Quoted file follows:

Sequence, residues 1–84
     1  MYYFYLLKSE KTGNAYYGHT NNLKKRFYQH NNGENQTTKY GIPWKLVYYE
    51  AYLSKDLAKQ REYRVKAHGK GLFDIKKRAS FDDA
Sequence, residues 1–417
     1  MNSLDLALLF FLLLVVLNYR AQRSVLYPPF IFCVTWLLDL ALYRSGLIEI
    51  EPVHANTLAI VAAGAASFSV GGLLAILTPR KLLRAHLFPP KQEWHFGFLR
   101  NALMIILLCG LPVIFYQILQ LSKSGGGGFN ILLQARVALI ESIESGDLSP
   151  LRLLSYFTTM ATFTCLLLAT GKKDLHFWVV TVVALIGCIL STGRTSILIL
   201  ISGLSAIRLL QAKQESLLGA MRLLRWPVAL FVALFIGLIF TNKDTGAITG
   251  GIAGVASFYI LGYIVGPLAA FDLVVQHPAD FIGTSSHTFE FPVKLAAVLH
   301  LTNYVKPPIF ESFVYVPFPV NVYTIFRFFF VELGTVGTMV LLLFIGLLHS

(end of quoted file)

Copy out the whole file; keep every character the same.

Sequence, residues 1–84
     1  MYYFYLLKSE KTGNAYYGHT NNLKKRFYQH NNGENQTTKY GIPWKLVYYE
    51  AYLSKDLAKQ REYRVKAHGK GLFDIKKRAS FDDA
Sequence, residues 1–417
     1  MNSLDLALLF FLLLVVLNYR AQRSVLYPPF IFCVTWLLDL ALYRSGLIEI
    51  EPVHANTLAI VAAGAASFSV GGLLAILTPR KLLRAHLFPP KQEWHFGFLR
   101  NALMIILLCG LPVIFYQILQ LSKSGGGGFN ILLQARVALI ESIESGDLSP
   151  LRLLSYFTTM ATFTCLLLAT GKKDLHFWVV TVVALIGCIL STGRTSILIL
   201  ISGLSAIRLL QAKQESLLGA MRLLRWPVAL FVALFIGLIF TNKDTGAITG
   251  GIAGVASFYI LGYIVGPLAA FDLVVQHPAD FIGTSSHTFE FPVKLAAVLH
   301  LTNYVKPPIF ESFVYVPFPV NVYTIFRFFF VELGTVGTMV LLLFIGLLHS